28 June 2007

Forth and Towne R.I.P. Redux

Carol Orsborn of FH Boom has a few choice blog posts (actually, fun stories) about her experiences at the now defunct Forth & Towne:
A Tale of Two Townes
Forth and Towne, Gap's high-profile ill-fated effort to start up a retail store dedicated to selling fashion to boomer women, did not pass away because boomer women don't want to be catered to as a special segment of the retail marketplace. There is the persistent rumor afoot that the last thing a women of a certain age wants to be is "ghettoized."
The Rest of the Tale of Two Townes
I was confused. The Forth and Towne concept was that there were different types of women, each with her appropriate area. Each had its own descriptive made-up name, none of with which I identified.
I blogged about Forth & Towne when the stores opened - and again when they closed. The reasons I gave for Forth & Towne's failure were different from Carol's - but I don't think mutually exclusive.

A quote by Bill Bernbach:
"A great ad campaign will make a bad product fail faster. It will get more people to know it's bad."
So now after reading Carol's posts I've realized that if The Gap's marketing folks had listened to me, the stores would've folded in eighteen days instead of eighteen months.

Update, July 1st - I can't bring myself to write a third post in a row about women's fashions - as if I really know anything about the subject. So here's a link to an excellent piece by Barbara Bradley on Commericalappeal.com: Women of a certain age don't want to look like little girls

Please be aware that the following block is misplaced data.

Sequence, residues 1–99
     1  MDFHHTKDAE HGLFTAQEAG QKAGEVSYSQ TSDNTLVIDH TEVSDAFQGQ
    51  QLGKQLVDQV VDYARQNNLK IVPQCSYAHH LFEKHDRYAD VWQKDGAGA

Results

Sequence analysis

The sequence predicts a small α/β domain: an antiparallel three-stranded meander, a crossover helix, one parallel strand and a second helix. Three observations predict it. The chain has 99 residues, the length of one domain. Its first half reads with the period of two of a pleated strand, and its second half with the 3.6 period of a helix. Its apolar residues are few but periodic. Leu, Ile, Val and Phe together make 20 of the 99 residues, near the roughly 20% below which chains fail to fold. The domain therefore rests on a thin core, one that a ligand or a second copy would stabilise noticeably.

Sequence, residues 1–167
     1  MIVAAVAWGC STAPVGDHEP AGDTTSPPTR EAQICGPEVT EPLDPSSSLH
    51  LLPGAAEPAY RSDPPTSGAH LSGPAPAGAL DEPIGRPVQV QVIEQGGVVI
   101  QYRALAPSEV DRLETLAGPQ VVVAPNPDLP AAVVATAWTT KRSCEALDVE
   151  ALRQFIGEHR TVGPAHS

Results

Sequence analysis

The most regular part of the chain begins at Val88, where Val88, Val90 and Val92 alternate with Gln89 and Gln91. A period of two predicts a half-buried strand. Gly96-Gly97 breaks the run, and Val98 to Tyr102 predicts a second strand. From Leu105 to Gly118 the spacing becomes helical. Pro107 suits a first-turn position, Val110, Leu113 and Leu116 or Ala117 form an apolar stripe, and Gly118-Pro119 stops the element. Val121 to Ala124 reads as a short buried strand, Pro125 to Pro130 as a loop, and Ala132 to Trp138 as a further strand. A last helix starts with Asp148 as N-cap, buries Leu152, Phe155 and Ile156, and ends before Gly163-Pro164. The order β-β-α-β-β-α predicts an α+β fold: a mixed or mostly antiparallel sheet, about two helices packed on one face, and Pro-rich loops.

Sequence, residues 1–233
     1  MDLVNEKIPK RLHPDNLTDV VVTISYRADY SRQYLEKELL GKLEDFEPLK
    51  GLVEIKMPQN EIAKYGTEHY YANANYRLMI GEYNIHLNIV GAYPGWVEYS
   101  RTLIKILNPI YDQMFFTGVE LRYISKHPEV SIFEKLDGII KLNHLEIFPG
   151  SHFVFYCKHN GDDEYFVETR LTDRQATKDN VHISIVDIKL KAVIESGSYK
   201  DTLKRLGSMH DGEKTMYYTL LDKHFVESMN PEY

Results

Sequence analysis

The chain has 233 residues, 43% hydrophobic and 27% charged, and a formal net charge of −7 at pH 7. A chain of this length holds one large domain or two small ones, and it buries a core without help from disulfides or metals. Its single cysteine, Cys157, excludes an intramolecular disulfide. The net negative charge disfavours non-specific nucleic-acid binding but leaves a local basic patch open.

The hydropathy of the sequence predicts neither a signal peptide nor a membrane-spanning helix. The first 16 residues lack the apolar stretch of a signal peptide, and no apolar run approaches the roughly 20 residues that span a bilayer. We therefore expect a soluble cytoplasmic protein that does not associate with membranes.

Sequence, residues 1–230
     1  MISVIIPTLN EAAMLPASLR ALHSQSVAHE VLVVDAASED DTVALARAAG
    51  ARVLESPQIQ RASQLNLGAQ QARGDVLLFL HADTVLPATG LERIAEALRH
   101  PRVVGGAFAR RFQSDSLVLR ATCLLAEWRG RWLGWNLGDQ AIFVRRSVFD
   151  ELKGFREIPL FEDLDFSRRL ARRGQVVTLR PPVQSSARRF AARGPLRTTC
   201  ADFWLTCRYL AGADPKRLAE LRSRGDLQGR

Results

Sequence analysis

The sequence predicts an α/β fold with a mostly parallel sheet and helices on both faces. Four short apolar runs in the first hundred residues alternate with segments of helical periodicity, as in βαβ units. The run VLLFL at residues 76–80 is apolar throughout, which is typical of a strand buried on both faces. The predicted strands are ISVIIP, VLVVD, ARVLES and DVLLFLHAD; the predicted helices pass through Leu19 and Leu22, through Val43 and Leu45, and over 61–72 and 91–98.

1. So basically it was an expensive but good lesson allthough you need to ask more women to find out the true reasons behind the failure.
    To summarize what I have read:
    - lack of advertising
    - the location in a NY mall
    - the lack of identification with the target market
    - the features of the clothing

    I wouldn't start a babyboom clothing business just on the basis of these lessons learnt. Having owned a clothing import company I can add that it is a difficult market as the brands can suddenly take off for no clear and measurable reason where for other brands it only becomes clear in a later stage.

    18 months is a long time and they could have improved easily. My guess is that they must have forgotten to ask feedback or ignored it when it was there.....or are we still missing out on vital information?

    " Forth and Towne did not pass away because boomer women don’t want to be catered to as a special segment of the retail marketplace." ...or does this only apply to a certain % of the population?

  2. Forth & Towne (apparently) had a myriad of problems – before they opened and while they were opened. Scores of pundits now have their opinions on why it was such a dismal failure. If you feel the urge, do some internet research. Of course, my background is advertising – so I focused on that. I also have doubts about the efficacy of so-called word of mouth marketing - something the Forth & Towne marketing folks were counting on.


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